Gloucester Fisheries Commission opposes limited access to the historically open-access whiting fishery

manatthewheelA mere two days after the NEFMC received its first look at the proposals being generated by its whiting advisory panel and whiting committee, Gloucester commission members raised concerns over the impact the proposals could have on the city’s whiting fleet — particularly the small boats. “We should not allow any other species to go under limited access,” said commission member Angela Sanfilippo, also the president of the Gloucester Fishermen’s Wives Association. “This is a healthy stock and I am totally against limited access.” Sanfilippo’s views were echoed by member Joe Orlando and Chairman Mark Ring. The three proposals to potentially limit access to the fishery are contained in currently being developed by the council. The council’s whiting committee hopes to furnish a more finished product at the council’s next meeting in late January. The city fisheries commission, however, wasn’t waiting around for the council staff’s final analysis. It voted 6-0 to oppose any attempts to limit access to Ipswich Bay for the local whiting fleet. Read the story here 08:49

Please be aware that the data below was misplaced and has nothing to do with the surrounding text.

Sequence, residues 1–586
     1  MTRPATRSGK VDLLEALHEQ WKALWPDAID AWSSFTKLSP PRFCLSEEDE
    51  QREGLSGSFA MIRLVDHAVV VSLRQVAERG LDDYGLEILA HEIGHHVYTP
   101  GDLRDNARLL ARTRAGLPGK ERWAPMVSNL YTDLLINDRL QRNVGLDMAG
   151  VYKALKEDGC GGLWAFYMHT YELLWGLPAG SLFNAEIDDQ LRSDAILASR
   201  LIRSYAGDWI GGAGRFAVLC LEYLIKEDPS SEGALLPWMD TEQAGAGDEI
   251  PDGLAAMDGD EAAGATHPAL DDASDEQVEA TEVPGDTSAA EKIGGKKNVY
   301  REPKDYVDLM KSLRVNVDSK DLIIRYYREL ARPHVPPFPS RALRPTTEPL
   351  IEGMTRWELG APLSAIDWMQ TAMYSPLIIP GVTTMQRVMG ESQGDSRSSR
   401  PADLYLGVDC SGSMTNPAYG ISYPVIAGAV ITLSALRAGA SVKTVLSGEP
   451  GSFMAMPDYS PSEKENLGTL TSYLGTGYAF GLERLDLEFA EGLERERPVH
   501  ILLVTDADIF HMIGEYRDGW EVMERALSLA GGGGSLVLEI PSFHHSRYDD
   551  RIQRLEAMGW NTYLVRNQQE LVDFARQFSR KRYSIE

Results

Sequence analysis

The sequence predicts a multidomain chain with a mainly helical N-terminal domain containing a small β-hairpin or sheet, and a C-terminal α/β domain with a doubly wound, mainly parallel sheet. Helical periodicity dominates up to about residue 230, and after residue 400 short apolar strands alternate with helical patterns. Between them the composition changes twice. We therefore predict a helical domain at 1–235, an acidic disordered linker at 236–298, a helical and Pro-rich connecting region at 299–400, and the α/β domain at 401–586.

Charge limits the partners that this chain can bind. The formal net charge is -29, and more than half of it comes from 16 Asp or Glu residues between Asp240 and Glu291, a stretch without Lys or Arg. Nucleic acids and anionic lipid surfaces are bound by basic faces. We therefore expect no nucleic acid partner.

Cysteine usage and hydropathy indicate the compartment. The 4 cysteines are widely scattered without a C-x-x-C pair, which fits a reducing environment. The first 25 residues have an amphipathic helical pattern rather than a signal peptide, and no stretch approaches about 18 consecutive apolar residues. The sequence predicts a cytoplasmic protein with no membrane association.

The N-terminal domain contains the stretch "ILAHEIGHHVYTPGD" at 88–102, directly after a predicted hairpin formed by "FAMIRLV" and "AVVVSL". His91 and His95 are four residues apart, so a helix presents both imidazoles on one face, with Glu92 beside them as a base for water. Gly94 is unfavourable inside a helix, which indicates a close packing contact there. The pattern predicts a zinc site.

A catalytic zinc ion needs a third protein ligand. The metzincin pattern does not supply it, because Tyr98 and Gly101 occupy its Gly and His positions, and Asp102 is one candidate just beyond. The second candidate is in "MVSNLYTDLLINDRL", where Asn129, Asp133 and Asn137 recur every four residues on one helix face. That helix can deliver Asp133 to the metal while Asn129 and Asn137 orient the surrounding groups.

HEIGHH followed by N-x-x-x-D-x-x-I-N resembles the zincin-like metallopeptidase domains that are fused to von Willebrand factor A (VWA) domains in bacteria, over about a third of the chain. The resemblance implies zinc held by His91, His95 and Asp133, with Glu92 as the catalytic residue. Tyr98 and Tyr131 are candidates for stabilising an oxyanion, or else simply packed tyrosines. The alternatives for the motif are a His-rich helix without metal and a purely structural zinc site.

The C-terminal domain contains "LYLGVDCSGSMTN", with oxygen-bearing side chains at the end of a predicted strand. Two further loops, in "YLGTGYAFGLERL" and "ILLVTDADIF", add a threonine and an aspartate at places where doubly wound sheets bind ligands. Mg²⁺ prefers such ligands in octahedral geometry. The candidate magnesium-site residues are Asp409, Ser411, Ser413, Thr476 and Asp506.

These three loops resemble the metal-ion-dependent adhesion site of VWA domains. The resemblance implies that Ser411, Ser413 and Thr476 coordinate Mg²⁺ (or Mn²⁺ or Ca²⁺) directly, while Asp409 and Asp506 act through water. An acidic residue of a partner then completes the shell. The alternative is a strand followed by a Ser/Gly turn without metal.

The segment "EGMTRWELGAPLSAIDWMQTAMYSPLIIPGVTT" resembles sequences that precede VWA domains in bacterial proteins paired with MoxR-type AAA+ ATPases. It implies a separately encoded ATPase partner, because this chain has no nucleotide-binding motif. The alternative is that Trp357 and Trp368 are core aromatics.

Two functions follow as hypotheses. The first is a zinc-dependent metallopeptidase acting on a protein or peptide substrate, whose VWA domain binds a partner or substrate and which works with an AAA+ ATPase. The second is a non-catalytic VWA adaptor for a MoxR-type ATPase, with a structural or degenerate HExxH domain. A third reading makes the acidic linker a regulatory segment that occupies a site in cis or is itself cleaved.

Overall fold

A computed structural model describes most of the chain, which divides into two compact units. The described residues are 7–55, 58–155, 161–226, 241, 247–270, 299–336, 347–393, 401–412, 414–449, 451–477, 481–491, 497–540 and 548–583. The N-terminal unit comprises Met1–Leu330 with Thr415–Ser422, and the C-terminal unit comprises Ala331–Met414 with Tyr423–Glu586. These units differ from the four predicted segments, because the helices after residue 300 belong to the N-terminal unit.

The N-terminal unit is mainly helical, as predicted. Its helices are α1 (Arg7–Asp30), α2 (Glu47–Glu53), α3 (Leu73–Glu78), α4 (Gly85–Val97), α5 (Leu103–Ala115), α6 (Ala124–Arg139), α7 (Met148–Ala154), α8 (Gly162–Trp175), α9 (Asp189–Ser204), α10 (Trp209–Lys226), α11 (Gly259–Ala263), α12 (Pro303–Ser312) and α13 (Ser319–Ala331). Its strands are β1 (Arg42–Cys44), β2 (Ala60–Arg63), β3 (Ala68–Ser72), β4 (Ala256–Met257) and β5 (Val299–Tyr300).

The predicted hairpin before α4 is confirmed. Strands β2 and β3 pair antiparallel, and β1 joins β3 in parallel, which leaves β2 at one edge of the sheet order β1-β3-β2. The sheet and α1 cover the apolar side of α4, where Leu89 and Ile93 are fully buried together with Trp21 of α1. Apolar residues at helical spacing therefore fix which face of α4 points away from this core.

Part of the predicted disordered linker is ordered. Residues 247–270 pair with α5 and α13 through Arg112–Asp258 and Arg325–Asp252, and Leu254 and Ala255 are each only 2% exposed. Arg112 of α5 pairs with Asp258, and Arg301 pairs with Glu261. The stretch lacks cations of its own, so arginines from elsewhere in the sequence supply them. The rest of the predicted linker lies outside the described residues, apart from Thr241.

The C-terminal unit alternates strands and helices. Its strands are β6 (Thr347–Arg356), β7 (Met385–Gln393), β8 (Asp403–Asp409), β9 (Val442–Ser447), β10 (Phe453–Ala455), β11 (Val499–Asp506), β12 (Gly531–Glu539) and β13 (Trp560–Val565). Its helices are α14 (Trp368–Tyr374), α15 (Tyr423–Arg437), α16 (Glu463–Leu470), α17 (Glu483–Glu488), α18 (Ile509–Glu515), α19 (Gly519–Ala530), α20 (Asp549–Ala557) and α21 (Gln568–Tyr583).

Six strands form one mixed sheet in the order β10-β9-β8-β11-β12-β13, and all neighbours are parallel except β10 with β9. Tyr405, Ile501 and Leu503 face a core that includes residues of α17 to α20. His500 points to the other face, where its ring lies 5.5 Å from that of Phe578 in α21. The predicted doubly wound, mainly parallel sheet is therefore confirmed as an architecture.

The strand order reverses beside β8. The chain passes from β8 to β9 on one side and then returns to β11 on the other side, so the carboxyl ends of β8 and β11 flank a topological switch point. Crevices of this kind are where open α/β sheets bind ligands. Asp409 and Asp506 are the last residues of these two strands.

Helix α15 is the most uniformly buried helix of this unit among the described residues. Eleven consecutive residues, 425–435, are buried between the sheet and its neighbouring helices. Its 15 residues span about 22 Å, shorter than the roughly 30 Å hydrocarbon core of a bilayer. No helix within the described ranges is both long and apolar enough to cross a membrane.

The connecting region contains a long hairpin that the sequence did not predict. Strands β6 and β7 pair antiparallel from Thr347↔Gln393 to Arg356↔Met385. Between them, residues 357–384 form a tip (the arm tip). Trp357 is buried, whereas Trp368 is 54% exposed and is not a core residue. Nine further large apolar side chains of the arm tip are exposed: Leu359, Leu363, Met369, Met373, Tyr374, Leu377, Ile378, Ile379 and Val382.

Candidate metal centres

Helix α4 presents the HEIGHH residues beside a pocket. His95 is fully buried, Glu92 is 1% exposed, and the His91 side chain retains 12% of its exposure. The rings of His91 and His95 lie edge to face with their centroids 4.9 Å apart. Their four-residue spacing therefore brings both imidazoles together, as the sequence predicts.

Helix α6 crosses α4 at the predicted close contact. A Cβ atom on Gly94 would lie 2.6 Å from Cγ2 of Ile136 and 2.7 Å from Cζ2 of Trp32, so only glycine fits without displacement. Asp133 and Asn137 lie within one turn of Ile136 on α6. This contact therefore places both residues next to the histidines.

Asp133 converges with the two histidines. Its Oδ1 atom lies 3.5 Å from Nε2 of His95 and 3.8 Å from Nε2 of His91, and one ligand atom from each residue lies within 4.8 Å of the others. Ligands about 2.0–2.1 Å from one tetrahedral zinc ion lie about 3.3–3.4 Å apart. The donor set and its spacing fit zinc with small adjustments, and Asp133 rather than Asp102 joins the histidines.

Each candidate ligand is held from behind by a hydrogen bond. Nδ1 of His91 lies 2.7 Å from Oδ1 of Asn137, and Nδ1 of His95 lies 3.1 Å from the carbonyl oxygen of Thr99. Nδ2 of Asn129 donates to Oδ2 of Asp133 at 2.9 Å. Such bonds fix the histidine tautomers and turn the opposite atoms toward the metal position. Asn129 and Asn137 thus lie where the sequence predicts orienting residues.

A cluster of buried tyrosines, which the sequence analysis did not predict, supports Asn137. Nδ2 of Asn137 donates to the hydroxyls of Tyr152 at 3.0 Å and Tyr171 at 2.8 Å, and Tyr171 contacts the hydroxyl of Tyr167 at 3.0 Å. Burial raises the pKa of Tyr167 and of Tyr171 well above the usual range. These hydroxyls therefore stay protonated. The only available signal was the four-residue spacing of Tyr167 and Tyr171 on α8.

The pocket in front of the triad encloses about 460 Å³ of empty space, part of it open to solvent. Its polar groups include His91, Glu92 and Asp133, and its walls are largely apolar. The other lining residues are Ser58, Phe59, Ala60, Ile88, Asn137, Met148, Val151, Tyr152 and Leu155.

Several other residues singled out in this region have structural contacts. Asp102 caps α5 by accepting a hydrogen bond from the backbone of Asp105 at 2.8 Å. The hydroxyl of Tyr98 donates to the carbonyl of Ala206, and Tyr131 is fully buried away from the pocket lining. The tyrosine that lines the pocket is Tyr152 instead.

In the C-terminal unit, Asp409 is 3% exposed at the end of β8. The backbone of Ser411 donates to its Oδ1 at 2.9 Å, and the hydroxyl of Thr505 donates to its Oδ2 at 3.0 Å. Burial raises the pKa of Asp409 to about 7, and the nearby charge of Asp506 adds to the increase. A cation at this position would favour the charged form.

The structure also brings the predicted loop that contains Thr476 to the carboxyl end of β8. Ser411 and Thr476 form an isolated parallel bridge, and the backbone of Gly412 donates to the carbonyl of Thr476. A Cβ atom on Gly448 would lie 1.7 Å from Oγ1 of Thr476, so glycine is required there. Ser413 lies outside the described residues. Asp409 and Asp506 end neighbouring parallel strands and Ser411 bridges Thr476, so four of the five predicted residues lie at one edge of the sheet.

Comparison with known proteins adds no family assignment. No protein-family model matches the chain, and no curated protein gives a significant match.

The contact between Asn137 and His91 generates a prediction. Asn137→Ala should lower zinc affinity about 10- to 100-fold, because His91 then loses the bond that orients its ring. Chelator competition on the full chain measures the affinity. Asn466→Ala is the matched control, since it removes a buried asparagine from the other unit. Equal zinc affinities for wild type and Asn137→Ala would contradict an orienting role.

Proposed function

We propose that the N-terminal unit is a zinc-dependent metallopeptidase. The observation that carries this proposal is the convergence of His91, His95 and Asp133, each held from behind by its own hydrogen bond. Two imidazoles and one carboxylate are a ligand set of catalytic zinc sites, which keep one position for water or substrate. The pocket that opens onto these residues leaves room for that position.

NEFMC Press Release: Council Approves 2017 US/Canada TACs; hears FW 56 progress

us-canadian-tacsNEFMC approves the 2017 total allowable catch for three groundfish stocks on Georges Bank. The agreement sets the shared TAC at 730 metric tons.The U.S. will be allowed to take 146 metric tons and Canada will get the rest.  Read the rest here 17:31

“Corrupt” goings on? Fishery council decision endangers scallop stock